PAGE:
26 March 2011

In Milan an exhibition of delights, dedicated to Giuseppe Arcimboldo

The 5-meters-high statue, made out of fibregalss, realized by the contemporary artist Philip Haas, towers in front of the Milanese exhibition.
It is a tribute to one of the most popular Giuseppe Arcimboldo’s works: “Winter”, and it also represents its cultural topicality.

        (Picture taken by Enrico Mercatali)


Giuseppe Arcimboldo, "Winter", realized in 1563, Vienna, Kunsthistorisches Museum
Milan, in Palazzo Reale, from February 10th to May 22th 2011

Giuseppe Arcimboldo, "Sledge with peacock", pen, blue ink and watercolor cm 15,7 x 18,75
Drawings and Prints Room, Uffizi (Florence)

The modern artist, who anticipates 18th, 19th and 20th Century vanguards, is the protagonist of an exhibition which will appeal visitors from all over the World 

In this image "The librarian", Oil on canvas cm 97 x 71, from  Skokloster Castle, Styrelsen, Sweden

The next 10th of February is going to be inaugurated in Milan, in Palazzo Reale’s rooms, an exhibition really awaited and excellent for the provenience of the works, and the prestige of the team that took care of it and realized its project.

Giuseppe Arcimboldo, self-portrait, 1575, Pen and blue watercolor on paper, cm 23 x 15,7, Narodni Galerie, Prague

The exhibition’s curator is the director of the picture gallery of Kunthistorisches Museum in Vienna, the prestigious museum which, together with the Louvre Museum in Paris, contains the most part of the works. She works in close collaboration with the qualified composition of the Scientific Commitee constituted by Giacomo Berra, Giulio Bora, Chiara Buss, Silvio Leydi, Roberto Miller, Giuseppe Olmi, Caterina Pirina, Francesco Porzio and Lucia Tomasi Tongiorgi.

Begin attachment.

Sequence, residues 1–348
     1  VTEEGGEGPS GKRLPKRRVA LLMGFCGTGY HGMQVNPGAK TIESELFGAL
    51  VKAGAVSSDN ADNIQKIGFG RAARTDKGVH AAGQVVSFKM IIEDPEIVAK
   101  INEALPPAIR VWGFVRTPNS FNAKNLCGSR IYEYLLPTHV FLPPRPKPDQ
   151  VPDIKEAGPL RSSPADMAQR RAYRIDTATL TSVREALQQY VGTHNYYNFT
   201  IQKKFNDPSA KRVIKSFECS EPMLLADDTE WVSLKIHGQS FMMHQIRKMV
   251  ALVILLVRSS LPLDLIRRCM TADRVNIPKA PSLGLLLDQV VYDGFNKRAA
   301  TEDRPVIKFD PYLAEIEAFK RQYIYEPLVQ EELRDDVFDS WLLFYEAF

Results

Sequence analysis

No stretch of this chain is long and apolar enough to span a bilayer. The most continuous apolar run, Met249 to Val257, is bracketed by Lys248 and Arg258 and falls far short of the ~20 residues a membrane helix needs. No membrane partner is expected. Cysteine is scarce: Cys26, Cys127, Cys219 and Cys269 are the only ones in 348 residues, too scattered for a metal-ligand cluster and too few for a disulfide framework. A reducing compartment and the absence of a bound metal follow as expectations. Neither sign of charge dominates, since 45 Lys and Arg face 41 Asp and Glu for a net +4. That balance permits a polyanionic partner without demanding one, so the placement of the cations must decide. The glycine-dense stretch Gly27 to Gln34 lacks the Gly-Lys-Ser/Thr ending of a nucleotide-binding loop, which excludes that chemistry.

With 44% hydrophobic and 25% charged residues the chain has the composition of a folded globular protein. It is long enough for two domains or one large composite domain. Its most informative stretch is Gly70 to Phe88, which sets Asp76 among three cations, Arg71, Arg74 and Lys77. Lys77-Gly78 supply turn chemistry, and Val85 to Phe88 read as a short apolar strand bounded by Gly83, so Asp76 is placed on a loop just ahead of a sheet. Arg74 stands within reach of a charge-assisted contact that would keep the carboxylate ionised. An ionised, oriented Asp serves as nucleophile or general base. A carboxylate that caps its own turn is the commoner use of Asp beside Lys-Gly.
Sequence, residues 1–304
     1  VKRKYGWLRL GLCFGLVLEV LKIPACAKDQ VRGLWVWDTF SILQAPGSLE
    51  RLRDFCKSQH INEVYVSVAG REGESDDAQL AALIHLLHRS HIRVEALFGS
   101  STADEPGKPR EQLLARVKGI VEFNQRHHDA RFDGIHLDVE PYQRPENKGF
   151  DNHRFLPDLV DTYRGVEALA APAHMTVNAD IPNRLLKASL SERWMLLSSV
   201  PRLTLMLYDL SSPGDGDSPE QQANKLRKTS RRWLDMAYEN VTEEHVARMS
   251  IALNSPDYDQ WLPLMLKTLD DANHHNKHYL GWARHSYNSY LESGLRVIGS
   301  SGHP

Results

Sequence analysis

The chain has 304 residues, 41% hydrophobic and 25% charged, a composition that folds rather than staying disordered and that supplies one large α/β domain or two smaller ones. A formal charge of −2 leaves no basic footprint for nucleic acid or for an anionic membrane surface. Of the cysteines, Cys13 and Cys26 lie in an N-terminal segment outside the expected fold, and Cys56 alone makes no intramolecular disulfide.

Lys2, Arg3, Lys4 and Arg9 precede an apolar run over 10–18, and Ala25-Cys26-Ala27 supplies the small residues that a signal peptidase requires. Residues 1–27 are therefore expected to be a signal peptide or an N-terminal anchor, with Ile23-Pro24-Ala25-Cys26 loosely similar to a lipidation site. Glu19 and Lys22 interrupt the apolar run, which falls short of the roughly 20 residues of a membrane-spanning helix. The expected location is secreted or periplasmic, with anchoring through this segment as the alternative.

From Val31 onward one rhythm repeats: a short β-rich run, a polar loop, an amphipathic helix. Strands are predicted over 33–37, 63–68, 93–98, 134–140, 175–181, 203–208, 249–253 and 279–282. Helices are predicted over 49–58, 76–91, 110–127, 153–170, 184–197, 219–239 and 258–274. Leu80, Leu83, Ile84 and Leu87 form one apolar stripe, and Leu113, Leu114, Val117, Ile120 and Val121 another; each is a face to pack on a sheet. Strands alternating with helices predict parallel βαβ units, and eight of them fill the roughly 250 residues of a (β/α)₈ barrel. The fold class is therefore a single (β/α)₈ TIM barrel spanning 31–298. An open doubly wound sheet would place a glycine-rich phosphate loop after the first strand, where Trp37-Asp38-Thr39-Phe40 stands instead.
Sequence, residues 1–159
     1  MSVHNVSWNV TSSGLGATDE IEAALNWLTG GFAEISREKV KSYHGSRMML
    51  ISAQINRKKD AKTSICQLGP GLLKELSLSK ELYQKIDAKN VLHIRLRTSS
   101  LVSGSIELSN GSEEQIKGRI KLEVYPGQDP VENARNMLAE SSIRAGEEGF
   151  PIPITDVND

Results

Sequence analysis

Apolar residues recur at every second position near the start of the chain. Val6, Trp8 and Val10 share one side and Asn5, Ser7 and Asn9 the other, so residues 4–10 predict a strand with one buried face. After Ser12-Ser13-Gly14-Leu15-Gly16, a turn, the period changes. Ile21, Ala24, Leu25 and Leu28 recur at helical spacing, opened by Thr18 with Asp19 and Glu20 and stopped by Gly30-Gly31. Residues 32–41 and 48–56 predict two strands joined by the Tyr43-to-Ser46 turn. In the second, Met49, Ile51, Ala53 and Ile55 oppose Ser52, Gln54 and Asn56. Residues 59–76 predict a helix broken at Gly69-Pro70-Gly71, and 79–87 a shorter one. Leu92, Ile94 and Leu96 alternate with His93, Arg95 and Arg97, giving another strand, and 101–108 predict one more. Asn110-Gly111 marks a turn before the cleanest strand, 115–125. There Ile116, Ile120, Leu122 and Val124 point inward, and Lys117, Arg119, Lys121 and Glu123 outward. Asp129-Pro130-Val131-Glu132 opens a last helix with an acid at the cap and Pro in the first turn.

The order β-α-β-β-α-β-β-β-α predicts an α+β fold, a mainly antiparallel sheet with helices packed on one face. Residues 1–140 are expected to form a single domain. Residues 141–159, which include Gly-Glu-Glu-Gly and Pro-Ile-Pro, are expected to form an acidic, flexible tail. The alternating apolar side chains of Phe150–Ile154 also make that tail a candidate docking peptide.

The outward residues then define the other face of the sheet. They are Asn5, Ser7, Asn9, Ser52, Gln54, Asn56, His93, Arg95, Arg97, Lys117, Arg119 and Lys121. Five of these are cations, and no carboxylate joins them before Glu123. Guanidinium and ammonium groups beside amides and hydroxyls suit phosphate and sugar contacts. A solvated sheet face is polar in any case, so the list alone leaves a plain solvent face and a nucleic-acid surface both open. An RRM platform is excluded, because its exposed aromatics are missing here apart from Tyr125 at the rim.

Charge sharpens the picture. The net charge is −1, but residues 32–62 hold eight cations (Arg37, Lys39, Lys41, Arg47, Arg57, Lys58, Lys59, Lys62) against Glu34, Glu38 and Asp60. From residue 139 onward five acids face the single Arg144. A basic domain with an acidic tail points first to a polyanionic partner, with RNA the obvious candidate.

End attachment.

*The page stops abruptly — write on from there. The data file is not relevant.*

Giuseppe Arcimboldo, Project for costume "The Dragon", pen, blue ink and water color on paper, 29 x 19 cm. Drawings and Prints Room Uffizi (Florence)

What these experts tried to recompose is the context in which Arcimboldo’s art had its origin: the cultural and artistic setting of Milan during the age of Leonardo, in the 16th Century. This equipe has also proposed examining the culutral roots in which the young artist lived, inside the Milanese environment, since they broguht him to investigate and develope the theme of still life. This element has then spread over with Caravaggio, as part of an investigation method which is at the origin of Arcimboldo’s art, and has had a great success during the following centuries all over Europe, until becoming a background for the 20th-Century-artistic vanguards.

Giuseppe Arcimboldo, "The Water", Oil painting of 1566, Vienna, Kunsthistorisches Museum

Animal species which compose the allegory (see the legend below):
FISHES: 1. Murena Murena (Teleost)- 2, Mola Mola, Moon fish (Teleost)- 3, Hippocampus Hippocampus, Sea horse (Teleost)- 4, Salmo Trutta (Adriatic trout) (Teleost)- 5, Belone belone, Garfish (Teleost)- 6, Sciaena Umbra, Corvina (Teleost)- 7, Exos Lucius, Pike (Teleost)- 8, Lota Elongata, Molva Occhiona (Teleost)- 9, Cyclopterus, Lumpfish (Teleost)- 10, Cyclopterus, Lumpfish (Teleost)- 11, Botide (Teleost)- 12, Labride, Labrus Tardus, Thrush (Telost)- 13, Triglide, Capone (Teleost)- 14, Triglide Capone (Teleost)- 15, Agonus, Sorcio di Mare (Teleost)- 16, Pegasus (Teleost)- 17, Raja, Raja Clavata, Ray (Teleost)- 18, Head of a  Teleost (Teleost)- 19, Catfish- 20, Head of a Teleost- 21, Head of a Teleost after desiccation - 22, Head of a Teleost - 23, id.- 24, id.- 25, Dorsal fin of Callyonimus, Terragon- 26, Caudal fin  of a Teleost- 27, id- 28, Gills of a Teleost- 29, Skin of Scylioirhinus canicula, Dogfish, Selaci- 30, Shark with barbs (Eterodontide)- 31, Spike, with supernumerary gills.